I think the Hooked article is extremely disingenuous, inaccurate in places and that it twists the truth to support its premise. That’s ironic really, since it is similar behavior that it condemns in others.
You apparently missed the fact that Andraka has yet to publish a damn thing, despite claiming that it’s coming Real Soon Now. (In the meantime, his parents incorporated a company for him to market the vaporware.)
Narad – Ok, I deserve the smack-down you gave me. Even though your reply was harsh-sounding, it would have been harsher still to leave me in my ignorance.
So – I was remiss and hadn’t looked at the Andraka story since last Fall. At that time the article stated the name of a company that was looking at marketing the product, so I thought that it was much farther along in the process. I can’t find a reference to the company now, only that when I looked into it, it appeared to be an established company and made me think of him selling out at young age. I just decided that someone had to manufacturer it, so he would need to work with a business regardless.
This evening, after reading your response, I really had to search hard for an honest report on the status of this test. The only easy find that wasn’t a puff piece was a reference to patent negotiations with John Hopkins, but that had no date. The harder find, and stranger still, was that the article with the most substance was at a business site here. Live and learn. Thanks for pointing this out.
Krebiozen – you are a true gem! Thanks so much for stepping through this with me and the science 101 lesson.
Per the study you critiqued, the site that linked to it is hosted by a psychiatrist. Still an MD, yet those in this field aren’t renowned for their math skills. Nor am I. Anyway, I always read the beginning and the end of published research papers because i really don’t understand the middle (I admit it). I did this with the Lancet article when I first reached the Hooked site.
After reading this in the Introduction (emphasis mine):
Although the reduction in stroke was not significant, our results support that in patients with recent lacunar stroke, the use of a systolic-blood-pressure target of less than 130 mm Hg is likely to be beneficial.
and this in the conclusion (emphasis mine):
As our study cohort comprised patients with recent lacunar strokes due mainly to cerebral small-vessel disease, whether our findings are applicable to patients with strokes from other mechanisms warrants additional research.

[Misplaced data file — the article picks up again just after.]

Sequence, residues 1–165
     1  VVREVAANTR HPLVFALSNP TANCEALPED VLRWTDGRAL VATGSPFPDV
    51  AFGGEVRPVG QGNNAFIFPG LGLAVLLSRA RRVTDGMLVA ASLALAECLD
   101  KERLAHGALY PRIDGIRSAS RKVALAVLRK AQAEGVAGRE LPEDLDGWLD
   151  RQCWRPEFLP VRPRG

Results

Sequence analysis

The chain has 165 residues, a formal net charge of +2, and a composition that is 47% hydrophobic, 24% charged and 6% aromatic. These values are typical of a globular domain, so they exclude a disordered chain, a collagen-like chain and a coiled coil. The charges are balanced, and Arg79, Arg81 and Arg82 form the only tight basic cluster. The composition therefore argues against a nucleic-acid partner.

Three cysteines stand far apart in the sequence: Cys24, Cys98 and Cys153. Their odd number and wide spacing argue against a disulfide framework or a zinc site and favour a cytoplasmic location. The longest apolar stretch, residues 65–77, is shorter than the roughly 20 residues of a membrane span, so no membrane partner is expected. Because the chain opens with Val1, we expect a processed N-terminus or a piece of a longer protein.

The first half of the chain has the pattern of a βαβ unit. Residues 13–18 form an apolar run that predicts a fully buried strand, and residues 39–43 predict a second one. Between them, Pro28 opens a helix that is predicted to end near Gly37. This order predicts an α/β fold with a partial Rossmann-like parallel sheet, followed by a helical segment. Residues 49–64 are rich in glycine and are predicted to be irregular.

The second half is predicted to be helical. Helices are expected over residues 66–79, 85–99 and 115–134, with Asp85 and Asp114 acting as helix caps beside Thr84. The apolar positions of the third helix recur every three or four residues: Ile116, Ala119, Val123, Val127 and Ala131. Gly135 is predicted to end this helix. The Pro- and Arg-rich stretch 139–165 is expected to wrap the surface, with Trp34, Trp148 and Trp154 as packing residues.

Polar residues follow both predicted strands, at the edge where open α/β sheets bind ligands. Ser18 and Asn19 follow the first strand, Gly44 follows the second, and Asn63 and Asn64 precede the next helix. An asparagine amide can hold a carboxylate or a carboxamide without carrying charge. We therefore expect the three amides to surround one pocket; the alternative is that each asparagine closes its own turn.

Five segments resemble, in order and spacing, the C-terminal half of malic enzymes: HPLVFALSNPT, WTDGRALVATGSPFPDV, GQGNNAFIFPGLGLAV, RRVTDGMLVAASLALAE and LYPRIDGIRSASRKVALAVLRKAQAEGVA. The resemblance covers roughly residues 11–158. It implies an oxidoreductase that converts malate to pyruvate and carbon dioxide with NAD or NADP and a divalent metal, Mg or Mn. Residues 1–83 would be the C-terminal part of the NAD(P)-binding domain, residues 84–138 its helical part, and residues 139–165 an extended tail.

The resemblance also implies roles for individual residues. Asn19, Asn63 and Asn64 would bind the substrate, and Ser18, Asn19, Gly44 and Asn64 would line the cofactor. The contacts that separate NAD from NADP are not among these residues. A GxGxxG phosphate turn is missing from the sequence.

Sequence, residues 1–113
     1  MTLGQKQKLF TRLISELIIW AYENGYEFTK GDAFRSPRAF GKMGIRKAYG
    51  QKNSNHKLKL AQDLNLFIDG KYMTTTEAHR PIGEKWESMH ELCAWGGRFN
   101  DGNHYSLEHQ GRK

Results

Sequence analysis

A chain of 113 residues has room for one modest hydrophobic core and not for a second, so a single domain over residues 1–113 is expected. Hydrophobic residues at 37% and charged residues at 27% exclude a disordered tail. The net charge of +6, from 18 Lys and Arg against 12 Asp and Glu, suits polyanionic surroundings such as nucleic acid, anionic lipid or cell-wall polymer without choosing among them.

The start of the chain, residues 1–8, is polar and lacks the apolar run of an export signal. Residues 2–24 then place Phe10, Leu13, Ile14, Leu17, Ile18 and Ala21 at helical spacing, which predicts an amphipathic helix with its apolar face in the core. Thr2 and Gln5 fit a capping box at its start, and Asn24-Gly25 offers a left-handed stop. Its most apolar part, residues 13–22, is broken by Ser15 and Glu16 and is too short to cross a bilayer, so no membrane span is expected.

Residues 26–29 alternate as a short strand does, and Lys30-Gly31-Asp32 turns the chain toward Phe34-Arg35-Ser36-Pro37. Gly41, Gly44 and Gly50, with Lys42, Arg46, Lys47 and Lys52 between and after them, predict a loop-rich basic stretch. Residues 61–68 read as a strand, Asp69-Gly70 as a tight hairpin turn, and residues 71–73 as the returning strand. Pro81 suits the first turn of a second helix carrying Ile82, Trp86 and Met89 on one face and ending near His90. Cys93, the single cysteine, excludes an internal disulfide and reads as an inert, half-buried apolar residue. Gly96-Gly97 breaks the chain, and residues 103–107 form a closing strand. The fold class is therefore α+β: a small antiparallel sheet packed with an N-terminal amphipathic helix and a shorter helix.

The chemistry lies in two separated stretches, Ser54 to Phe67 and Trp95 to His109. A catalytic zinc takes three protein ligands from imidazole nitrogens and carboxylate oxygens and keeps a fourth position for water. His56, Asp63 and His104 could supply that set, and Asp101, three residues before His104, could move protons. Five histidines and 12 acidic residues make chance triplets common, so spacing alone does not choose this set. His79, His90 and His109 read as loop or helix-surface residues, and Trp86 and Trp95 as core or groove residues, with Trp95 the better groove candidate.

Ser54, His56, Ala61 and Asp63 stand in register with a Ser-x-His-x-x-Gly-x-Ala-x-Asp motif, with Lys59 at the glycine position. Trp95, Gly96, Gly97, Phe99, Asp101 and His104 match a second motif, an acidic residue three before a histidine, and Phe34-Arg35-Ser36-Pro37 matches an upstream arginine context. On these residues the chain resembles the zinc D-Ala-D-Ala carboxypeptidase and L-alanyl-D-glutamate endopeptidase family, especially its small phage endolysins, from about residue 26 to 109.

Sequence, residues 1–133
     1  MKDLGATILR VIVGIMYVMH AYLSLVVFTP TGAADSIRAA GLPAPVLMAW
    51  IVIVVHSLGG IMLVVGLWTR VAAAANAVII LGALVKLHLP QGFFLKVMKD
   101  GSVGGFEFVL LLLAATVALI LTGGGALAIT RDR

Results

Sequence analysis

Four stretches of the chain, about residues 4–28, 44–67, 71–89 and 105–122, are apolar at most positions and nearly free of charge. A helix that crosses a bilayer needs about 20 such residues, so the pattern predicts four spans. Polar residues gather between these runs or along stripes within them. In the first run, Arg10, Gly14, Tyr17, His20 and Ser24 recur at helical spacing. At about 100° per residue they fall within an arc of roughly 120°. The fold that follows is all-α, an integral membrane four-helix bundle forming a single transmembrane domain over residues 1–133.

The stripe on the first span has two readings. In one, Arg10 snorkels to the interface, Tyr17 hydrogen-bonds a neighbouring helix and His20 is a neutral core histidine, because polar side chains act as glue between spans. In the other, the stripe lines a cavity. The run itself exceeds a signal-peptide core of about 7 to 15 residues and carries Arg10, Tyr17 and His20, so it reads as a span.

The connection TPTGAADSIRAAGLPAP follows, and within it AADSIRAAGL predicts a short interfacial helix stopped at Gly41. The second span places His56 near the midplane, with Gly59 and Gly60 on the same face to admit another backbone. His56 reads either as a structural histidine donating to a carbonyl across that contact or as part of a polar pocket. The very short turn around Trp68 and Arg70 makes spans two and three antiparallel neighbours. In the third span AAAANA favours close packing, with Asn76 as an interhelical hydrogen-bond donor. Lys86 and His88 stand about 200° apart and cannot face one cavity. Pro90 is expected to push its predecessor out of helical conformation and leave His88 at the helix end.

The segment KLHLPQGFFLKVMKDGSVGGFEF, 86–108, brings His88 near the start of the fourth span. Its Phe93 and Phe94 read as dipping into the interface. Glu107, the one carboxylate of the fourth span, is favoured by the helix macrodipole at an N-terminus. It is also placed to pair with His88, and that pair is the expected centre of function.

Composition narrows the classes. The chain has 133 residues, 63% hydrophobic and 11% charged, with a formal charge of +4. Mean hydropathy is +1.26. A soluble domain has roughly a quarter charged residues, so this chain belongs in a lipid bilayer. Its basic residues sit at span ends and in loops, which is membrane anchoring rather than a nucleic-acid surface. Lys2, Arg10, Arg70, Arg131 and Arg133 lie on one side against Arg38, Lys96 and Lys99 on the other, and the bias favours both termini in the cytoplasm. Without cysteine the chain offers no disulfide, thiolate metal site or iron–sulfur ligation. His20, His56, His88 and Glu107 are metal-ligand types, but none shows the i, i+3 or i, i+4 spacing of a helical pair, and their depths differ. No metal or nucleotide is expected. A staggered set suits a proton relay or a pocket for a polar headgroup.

I thought that Dr. Jerry Hoffman’s critique was correct. Instead, boo!
This kind of proves my point though. There is a whole lot of (mis)information flowing around and even when you think you are getting accurate scientific review, you aren’t. I understand why researchers would obfuscate or spin their research, yet I frankly don’t understand why anyone would rip a good, valid study apart for no reason. Wouldn’t that be highly obvious to other scientists like you have demonstrated here?
I guess I will just go on and be even more skeptical of everything I read. For news, history or politics, I always try to find at least three different sources, preferably on both central ends of the political spectrum, to see if they agree on the factual data. Since I can’t carry a Krebiozen in my pocket, I guess I am screwed at the present moment when it comes to scientific data. I think I will start being a lurker here for awhile and try to learn some things from you all before my fingers hit the keyboard.
Btw, I really do believe that most scientists are honest and looking for the truth, yet having worked in Corporate America for a decade, I do not trust business one bit. Watch, now you’ll tell me that you work for a pharmaceutical company. Oh, heck, I don’t care…your company may be evil, but you are still my hero!
I hope that your are feeling well and that you’ve received good answers on your health from your immunologist.
Ah, a psychiatrist, that makes sense 😉 A small correction to what I wrote before, I read the whole study, not just the abstract. If you stick around here and continue reading in this area you will soon pick up the basics of looking at studies like this. It’s worth the effort, I think.
My wife reads the UK Times every day, and always lets me know if there is an article on medical matters that might interest me. I often make a point of tracking down the study and press release that prompted the article, and quite often there is more (or less) to the story than the article tells us, and it’s nice to have the skills to figure this out.
Often I think it is either the person who wrote the press release and/or the journalist who wrote the article that are to blame for giving the wrong impression, not the scientists who carried out the research and wrote the paper. Surprisingly often it isn’t even a published paper that triggers an article like this, but a poster presentation, or a preliminary finding that shouldn’t really get anyone too excited.